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ESR prepress abstract   -  DOI: https://doi.org/10.3354/esr01324

A density surface model describing the habitat of the critically endangered Rice’s whale Balaenoptera ricei in the Gulf of Mexico

Lance P. Garrison*, Melissa S. Soldevilla, Anthony Martinez, Keith D. Mullin

*Corresponding author:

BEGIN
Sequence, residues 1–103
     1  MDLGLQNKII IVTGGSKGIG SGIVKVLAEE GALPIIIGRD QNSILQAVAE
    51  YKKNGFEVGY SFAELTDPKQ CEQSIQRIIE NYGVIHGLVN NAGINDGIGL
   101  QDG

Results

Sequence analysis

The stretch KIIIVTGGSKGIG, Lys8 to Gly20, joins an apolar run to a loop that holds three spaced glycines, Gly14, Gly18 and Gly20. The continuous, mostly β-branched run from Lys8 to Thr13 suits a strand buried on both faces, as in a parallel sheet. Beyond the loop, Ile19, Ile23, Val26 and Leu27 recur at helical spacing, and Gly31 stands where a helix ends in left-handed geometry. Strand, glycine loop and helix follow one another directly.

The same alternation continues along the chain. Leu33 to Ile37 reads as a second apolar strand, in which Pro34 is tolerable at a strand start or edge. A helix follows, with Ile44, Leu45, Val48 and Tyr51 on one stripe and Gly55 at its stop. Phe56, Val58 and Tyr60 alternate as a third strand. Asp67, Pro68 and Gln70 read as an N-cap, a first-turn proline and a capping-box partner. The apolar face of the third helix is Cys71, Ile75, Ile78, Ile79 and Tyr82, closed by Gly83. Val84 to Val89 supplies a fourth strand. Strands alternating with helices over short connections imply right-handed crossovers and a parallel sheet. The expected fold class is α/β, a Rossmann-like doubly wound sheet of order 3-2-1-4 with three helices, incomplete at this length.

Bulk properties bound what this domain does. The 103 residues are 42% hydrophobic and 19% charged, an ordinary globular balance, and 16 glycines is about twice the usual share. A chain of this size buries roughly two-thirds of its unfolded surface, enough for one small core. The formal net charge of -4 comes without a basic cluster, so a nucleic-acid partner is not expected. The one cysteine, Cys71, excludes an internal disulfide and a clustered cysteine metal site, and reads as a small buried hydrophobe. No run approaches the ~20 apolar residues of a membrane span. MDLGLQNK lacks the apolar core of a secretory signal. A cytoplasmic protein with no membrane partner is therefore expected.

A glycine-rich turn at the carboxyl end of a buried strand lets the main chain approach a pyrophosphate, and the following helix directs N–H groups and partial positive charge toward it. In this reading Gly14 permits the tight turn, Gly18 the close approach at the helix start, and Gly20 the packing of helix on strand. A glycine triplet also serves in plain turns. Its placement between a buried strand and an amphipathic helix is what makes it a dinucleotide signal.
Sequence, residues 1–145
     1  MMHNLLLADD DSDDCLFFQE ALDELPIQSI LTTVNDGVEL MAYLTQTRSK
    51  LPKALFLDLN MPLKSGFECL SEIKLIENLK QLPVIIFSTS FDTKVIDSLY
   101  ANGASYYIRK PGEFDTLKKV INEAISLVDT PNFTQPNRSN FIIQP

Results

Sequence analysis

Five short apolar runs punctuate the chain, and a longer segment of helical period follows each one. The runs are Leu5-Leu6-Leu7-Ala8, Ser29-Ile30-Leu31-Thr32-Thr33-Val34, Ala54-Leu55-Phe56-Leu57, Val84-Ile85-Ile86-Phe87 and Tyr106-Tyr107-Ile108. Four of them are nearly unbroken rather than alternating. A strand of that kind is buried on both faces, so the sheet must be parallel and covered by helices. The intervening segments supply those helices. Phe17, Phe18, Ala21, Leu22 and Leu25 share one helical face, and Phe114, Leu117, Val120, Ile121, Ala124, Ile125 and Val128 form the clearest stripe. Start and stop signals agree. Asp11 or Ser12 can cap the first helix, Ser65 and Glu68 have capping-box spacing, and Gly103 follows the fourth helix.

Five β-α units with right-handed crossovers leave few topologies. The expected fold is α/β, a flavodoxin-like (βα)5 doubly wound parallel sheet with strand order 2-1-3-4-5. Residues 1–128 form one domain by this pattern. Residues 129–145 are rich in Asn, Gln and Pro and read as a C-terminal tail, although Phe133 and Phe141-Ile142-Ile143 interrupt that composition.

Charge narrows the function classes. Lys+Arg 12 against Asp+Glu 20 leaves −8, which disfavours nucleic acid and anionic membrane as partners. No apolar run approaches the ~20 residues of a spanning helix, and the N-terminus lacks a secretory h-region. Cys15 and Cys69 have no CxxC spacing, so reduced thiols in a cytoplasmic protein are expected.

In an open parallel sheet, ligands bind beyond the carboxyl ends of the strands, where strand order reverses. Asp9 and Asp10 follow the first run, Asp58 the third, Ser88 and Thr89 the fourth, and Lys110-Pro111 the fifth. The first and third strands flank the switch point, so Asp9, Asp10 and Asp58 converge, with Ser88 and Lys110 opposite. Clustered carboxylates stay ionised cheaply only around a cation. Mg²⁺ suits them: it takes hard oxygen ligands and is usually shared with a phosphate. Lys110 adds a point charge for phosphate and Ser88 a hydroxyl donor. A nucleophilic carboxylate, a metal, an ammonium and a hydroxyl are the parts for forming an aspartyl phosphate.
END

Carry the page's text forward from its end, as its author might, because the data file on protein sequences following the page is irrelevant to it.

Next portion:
ABSTRACT: The newly recognized Rice’s whale Balaenoptera ricei is among the most endangered large whale species in the world and primarily occupies a region near the continental shelf break in the northeastern Gulf of Mexico (GoMex). We analyzed visual line transect survey data collected throughout the northern GoMex from 2003–2019 and developed spatially explicit density maps using a density surface modeling approach to examine relationships between Rice’s whale density and bathymetric and oceanographic features. We identified water depth, surface chl a concentration, bottom temperature, and bottom salinity as key parameters that define the Rice’s whale habitat. This is consistent with upwelling of cold, high salinity water along the continental shelf break and seasonal input of high productivity surface water originating from coastal sources. The dominant circulation patterns in the GoMex, including the presence of Loop Current eddies, lead to increased productivity and likely play a role in maintaining high densities of forage species needed to support Rice’s whales. Extrapolation of the model suggests additional regions in Mexican waters of GoMex that may be suitable for Rice’s whales. This study informs the designation of critical habitat as defined by the U.S. Endangered Species Act and will assist in marine spatial planning activities to avoid additional anthropogenic impacts to Rice’s whales associated with the development of wind energy and aquaculture.